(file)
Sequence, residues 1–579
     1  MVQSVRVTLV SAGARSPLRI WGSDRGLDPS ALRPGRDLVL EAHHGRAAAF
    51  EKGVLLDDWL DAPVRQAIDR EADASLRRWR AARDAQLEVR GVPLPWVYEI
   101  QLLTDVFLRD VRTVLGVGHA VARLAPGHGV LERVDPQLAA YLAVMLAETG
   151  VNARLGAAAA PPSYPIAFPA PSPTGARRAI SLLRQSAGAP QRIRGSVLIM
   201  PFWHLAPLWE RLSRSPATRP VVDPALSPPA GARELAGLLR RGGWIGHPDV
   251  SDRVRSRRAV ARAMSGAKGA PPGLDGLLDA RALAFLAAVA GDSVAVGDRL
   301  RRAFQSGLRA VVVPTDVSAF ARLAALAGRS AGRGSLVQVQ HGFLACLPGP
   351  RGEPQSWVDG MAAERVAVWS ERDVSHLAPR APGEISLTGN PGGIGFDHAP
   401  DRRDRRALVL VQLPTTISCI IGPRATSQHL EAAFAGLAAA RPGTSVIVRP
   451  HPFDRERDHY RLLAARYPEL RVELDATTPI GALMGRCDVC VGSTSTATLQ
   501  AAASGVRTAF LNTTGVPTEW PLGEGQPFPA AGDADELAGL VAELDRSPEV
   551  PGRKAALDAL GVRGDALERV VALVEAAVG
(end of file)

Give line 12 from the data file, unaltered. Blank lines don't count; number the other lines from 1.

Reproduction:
   501  AAASGVRTAF LNTTGVPTEW PLGEGQPFPA AGDADELAGL VAELDRSPEV